Author(s): Stojanov I, Stojanović Dragica, Milić N, Živkov Baloš Milica, Kapetanov M, Ašanin N, Čogurić Irina
Keywords:Campylobacter jejuni, campylobacteriosis, immune response, Salmonella enteric serovar Enteritidis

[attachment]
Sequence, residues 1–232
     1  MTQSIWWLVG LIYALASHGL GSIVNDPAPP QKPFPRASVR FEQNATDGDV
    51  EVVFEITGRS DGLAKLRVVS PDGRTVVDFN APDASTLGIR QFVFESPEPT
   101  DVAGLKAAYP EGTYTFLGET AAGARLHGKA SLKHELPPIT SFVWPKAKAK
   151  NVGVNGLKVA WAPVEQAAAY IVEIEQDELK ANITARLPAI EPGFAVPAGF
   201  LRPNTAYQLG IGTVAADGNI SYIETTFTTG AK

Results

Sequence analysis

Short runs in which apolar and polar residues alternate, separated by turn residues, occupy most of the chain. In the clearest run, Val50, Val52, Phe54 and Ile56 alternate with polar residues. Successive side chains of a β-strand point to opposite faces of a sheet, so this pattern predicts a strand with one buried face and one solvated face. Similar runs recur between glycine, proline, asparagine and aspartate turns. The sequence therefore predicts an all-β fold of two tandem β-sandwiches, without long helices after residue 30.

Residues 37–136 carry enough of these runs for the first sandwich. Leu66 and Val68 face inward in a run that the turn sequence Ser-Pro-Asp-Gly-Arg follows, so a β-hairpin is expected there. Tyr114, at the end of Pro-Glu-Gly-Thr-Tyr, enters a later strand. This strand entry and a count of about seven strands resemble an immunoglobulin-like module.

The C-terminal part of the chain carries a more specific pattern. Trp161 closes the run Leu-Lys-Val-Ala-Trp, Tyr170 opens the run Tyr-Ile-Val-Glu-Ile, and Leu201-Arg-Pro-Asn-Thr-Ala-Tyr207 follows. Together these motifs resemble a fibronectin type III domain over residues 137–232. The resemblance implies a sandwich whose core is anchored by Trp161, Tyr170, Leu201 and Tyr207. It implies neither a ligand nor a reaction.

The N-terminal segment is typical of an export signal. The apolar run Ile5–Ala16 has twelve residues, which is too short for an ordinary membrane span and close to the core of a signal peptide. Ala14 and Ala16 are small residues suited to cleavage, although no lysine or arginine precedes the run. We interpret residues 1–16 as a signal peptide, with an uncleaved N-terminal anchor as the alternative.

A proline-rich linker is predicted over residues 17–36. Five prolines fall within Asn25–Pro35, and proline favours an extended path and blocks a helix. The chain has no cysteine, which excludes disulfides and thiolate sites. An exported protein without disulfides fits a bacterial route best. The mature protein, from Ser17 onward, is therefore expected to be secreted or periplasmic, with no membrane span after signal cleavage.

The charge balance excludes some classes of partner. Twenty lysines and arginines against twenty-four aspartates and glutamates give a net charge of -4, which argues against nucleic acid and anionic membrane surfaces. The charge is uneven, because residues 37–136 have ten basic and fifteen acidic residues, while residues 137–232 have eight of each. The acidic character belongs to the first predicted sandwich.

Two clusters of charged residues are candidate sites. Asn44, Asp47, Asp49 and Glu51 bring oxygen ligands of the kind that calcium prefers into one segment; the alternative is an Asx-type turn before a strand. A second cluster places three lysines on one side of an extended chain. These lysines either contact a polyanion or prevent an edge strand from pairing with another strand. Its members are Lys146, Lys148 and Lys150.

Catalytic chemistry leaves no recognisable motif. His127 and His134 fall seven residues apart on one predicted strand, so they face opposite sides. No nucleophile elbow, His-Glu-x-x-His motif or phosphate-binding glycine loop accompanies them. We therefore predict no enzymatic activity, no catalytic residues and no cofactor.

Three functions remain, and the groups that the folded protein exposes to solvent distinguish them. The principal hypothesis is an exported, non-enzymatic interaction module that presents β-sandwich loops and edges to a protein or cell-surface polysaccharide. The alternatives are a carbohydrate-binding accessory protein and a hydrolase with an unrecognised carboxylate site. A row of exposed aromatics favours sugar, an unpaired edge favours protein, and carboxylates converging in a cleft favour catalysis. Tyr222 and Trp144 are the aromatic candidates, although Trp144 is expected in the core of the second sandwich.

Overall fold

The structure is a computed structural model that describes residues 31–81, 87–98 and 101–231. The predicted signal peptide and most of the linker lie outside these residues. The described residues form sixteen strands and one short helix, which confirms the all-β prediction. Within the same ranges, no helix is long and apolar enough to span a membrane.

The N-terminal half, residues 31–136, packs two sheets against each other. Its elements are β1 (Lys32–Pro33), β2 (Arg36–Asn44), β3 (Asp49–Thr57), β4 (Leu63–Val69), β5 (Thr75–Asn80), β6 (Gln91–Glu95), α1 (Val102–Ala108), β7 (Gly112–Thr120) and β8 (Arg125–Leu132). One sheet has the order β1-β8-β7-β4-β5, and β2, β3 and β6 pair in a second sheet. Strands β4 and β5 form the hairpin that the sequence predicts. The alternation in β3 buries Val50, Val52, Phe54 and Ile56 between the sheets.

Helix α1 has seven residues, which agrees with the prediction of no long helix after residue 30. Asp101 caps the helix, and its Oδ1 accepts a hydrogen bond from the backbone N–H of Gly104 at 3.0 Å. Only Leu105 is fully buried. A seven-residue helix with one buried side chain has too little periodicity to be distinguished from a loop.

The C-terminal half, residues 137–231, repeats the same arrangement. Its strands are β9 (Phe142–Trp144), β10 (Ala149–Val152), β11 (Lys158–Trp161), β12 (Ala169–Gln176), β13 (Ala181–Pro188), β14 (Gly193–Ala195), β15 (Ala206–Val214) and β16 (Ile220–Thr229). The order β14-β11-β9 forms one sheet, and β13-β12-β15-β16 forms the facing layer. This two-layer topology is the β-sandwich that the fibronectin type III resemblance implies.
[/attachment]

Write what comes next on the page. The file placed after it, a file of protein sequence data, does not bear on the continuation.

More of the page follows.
Meat, table eggs and their products are very important in human nutrition. Therefore, it is necessary to monitor the health status of commercial flocks as much as the quality of poultry products in the food chain. Campylobacter sp. and Salmonella sp. are widely distributed in nature. The influence of these bacteria on animal health depends on the immune response. If animals are not immunologicaly compromised, the infection is latent and clinical symptoms are absent. Unlike animals, these bacteria cause serious diseases in humans and the morbidity is quite high. The main transfer of infection to humans is via poultry products. The goal of this work was to study the role of Salmonella in artificially infected chickens onto the outcome of clinical campylobacteriosis. It is certain that salmonella infection in poultry damages the immune system of chickens, enabling Campylobacter to multiply and subsequently induce a disease. Three groups of chickens were included in the experiment. The first group received a suspension of field strain of Campylobacter jejuni (C. jejuni) and Salmonella enterica serovar Enteritidis (S. Enteritidis). The second group received an inoculum prepared from the field isolate of Campylobacter jejuni and the third group received the field isolate of Salmonella enterica serotype Enteritidis, only. In artificially infected chickens Campylobacter and Salmonella were confirmed by isolation and identification according to morphological, cultural and biochemical properties. Humoral immune response of infected chickens was monitored using the complement fixation test (CFT). In chickens infected with C. jejuni and S. Enteritidis the clinical symptoms were recorded. The results from this experiment show that salmonella infection damages the immune system of the chickens enabling Campylobacter to alter the health status of the host.
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